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Unity Between The Old And The Young

Unity Between The Old And The Young

Wednesday’s Column: Third’s Words

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Gary Pollard

An engine needs three things to run: fuel, spark, and air (compression). Engines have come a very long way since their initial designs and unless you’re driving an e-car, these items still have to be in place and tuned properly. I’m partial to older engines simply because they’re easy to understand and work on. 

When diagnosing a problem, you can often tell if you’re getting fuel by looking at the in-line filter or simply smelling for it. You can tell if you’re getting spark by disconnecting a plug, grounding it to the body, and looking for a spark. You can tell if you have compression by sticking your finger over a plug-hole and turning the engine over. The older engines were simple. 

Newer engines are far more difficult. They operate under the same basic rules, but computers and fuel injection systems and tight spaces make it much harder to work on them. However, they are generally more reliable, fuel efficient, and powerful. Carl’s 1986 F-150 with a 351 Windsor (5.9L V8) has about half the power (and a third of the fuel economy) of his 2017 F-150 with a 2.7L Ecoboost, for example.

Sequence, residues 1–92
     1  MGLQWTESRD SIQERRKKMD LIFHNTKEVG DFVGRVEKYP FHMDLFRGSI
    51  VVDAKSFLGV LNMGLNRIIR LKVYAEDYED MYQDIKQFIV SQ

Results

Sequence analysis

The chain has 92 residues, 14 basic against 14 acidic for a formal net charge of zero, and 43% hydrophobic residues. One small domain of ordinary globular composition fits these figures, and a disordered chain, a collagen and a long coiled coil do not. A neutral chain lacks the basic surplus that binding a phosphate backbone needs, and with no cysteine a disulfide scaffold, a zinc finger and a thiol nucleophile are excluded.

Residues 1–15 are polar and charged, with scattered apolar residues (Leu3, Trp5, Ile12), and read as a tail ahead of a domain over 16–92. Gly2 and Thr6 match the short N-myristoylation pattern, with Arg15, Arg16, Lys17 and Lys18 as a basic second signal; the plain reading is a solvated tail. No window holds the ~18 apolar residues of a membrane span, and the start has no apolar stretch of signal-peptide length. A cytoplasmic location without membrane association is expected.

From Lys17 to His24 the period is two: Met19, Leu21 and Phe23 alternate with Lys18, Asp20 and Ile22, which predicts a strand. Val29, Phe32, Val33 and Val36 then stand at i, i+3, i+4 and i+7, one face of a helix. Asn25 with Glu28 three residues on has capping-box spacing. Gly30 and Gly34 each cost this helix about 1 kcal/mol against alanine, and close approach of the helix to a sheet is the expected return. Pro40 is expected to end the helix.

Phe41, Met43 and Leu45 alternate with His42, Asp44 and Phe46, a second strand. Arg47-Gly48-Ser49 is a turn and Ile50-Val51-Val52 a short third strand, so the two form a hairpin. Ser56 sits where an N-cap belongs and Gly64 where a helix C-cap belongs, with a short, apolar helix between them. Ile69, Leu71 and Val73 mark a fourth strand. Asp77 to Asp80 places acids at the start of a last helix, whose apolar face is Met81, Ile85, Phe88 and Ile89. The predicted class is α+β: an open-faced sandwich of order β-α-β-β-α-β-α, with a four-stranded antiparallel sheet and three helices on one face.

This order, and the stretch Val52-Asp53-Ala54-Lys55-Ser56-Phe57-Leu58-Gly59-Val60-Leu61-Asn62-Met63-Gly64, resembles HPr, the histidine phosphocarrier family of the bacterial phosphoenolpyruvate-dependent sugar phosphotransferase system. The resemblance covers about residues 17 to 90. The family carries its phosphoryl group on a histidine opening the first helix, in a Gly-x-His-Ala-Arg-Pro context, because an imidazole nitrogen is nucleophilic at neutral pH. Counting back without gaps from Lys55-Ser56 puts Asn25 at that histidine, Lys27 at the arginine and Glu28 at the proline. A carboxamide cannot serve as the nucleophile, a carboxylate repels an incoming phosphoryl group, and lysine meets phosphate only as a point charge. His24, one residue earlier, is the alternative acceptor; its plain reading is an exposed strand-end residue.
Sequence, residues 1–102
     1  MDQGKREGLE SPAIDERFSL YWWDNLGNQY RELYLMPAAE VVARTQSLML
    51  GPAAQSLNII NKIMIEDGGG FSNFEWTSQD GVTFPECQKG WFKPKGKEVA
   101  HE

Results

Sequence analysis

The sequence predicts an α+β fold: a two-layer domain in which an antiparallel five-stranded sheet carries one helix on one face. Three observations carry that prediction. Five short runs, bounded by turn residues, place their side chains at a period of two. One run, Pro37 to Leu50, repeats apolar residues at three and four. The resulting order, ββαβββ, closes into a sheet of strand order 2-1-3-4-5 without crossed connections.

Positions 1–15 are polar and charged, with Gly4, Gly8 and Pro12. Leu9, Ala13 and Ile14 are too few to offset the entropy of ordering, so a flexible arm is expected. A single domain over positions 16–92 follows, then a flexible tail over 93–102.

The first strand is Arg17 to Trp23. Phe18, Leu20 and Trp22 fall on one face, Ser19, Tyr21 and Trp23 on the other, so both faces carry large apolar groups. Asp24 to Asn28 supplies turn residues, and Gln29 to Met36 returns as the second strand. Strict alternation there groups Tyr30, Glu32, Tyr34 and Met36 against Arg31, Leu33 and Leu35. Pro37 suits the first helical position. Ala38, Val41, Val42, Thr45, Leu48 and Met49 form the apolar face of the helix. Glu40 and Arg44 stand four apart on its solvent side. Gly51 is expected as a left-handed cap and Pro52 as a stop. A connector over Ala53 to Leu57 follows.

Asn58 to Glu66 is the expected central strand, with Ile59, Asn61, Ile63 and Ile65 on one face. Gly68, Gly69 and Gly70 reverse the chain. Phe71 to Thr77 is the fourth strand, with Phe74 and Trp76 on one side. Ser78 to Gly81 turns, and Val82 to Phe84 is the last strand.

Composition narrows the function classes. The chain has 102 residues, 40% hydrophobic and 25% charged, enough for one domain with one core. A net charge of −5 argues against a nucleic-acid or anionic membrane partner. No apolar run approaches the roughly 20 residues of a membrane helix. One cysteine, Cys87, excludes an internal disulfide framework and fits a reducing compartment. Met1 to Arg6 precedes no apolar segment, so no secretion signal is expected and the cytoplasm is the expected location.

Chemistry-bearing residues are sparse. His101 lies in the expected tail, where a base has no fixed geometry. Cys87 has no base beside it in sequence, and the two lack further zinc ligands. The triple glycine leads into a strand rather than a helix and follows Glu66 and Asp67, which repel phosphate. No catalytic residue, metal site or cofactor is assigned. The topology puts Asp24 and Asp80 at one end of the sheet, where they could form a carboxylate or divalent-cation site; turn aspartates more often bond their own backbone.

The church is made up of more than just one generation. There are both old people and young people. Both are prone to emphasizing the strengths or weaknesses of their generation when it comes to the health of the church. Young people might complain that old people move too slowly (getting things done), are too traditional, and have no place in the future of the church. Old people might complain that young people are too quick to change things, don’t take church seriously, and are self-centered.